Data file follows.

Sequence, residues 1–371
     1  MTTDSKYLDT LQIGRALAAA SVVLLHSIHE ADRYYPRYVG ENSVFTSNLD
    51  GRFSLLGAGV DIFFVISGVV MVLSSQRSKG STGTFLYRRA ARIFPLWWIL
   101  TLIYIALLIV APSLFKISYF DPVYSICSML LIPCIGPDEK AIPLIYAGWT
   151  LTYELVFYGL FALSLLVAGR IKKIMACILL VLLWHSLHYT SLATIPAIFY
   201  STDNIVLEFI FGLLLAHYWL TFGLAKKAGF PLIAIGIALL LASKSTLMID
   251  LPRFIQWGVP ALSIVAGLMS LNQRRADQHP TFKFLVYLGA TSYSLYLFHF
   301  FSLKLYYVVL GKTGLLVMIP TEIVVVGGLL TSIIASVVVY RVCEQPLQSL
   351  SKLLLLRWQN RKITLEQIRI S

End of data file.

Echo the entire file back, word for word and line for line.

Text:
Sequence, residues 1–371
     1  MTTDSKYLDT LQIGRALAAA SVVLLHSIHE ADRYYPRYVG ENSVFTSNLD
    51  GRFSLLGAGV DIFFVISGVV MVLSSQRSKG STGTFLYRRA ARIFPLWWIL
   101  TLIYIALLIV APSLFKISYF DPVYSICSML LIPCIGPDEK AIPLIYAGWT
   151  LTYELVFYGL FALSLLVAGR IKKIMACILL VLLWHSLHYT SLATIPAIFY
   201  STDNIVLEFI FGLLLAHYWL TFGLAKKAGF PLIAIGIALL LASKSTLMID
   251  LPRFIQWGVP ALSIVAGLMS LNQRRADQHP TFKFLVYLGA TSYSLYLFHF
   301  FSLKLYYVVL GKTGLLVMIP TEIVVVGGLL TSIIASVVVY RVCEQPLQSL
   351  SKLLLLRWQN RKITLEQIRI S